But how will those canned products coexist with the need for prominent placement by individual local advertisers? There is increasing demand for a product that allows the local advertiser to book and pay for placement of their own graphic ads online (aside from current CPC solutions), which could be a hefty piece of development effort. All this means that, on the media operations side, folks will be keeping their eye on search inventory and pricing, as well as CPMs and sponsorships.
Video and/or streaming audio will soon be a must have and not a nice to have. Traditional broadcasters have a head start on content and technology. For the other local providers -- print and internet-only publishers -- the road is tougher. Where does the local video content come from, if not from the network mainstays? Stay tuned for the growth of independent networks of video content producers, prepared to syndicate local in the same way stringers have done for traditional print and broadcast.
We already know there is a shortage of ad operations and media operations professionals. What happens when there are hundreds of emerging sites attempting to make local content work across the country?
In many cases, they won't get the respect they deserve from ad serving companies and will find rates, terms and service unacceptable. They will ultimately put themselves as risk when they try to run the operations group with one person-- just pray that person doesn't get sick, or worse.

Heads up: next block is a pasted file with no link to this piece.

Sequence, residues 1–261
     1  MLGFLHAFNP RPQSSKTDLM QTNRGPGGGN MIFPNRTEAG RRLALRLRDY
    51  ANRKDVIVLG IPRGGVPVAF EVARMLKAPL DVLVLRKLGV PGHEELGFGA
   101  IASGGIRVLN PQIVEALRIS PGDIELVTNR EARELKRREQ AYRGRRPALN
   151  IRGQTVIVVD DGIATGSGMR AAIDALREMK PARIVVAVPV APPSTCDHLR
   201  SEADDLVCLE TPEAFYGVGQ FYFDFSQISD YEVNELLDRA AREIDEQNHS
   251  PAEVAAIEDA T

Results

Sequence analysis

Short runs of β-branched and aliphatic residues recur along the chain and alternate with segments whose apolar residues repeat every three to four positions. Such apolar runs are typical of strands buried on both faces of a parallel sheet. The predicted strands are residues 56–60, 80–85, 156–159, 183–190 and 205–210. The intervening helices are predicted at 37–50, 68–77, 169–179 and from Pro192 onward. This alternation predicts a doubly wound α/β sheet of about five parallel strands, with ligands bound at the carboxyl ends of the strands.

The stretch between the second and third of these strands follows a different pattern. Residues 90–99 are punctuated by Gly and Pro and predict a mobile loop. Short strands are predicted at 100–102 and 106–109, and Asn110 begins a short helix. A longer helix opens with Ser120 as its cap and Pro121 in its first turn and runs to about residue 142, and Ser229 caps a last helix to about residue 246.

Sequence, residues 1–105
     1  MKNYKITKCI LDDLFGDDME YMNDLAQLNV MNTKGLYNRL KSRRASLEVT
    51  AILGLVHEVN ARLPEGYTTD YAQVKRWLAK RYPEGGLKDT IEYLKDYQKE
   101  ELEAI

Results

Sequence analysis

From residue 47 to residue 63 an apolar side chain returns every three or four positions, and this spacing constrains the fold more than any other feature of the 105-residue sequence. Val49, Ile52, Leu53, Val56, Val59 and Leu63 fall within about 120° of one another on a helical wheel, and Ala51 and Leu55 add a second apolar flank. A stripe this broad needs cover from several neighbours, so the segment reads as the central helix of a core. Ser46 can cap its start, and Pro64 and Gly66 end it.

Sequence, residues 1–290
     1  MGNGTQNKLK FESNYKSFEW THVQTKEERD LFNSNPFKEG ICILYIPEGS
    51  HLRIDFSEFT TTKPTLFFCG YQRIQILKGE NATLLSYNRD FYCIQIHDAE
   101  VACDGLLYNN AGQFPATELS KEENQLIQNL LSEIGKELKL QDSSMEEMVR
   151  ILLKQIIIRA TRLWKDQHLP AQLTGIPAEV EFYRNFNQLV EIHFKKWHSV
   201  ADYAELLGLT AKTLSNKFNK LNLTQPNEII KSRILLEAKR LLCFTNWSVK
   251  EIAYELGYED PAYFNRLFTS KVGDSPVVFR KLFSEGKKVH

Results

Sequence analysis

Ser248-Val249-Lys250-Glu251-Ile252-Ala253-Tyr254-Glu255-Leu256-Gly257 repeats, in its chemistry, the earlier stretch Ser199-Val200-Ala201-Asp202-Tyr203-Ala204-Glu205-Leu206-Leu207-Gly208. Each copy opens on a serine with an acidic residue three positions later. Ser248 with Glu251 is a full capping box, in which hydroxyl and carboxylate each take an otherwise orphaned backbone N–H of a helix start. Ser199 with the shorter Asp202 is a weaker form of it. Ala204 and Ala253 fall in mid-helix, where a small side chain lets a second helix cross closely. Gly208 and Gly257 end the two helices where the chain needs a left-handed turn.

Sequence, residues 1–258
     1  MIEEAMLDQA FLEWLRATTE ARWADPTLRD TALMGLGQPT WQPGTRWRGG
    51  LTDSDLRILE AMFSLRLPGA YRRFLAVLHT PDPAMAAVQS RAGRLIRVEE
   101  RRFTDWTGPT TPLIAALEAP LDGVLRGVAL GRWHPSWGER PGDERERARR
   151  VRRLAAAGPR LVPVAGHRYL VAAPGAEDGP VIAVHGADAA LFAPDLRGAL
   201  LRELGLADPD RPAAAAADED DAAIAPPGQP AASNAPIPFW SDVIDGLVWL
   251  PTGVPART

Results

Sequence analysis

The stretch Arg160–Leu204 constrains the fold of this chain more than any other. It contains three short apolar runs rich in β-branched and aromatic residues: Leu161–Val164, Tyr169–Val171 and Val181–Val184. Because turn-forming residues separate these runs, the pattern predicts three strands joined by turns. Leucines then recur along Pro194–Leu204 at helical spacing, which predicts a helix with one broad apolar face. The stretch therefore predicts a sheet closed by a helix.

I think this will lead to more business for some of the outsourced ad operations groups. Sure, that's a solution. But it also just transfers the problem of finding bright, intelligent, competent ad traffickers from individual publishers to outsourcing groups.
So, just when you thought things were getting settled, the world will become more complicated.
It's astounding to think that the groundwork for a lot of this was laid almost two decades ago-- time flies. It's encouraging, in a way. We can all look forward to another 20 years of innovation and change.
Not a bad place to be for a career-- local, or otherwise.
Doug Wintz is the founder and principal of DMW MediaWorks. .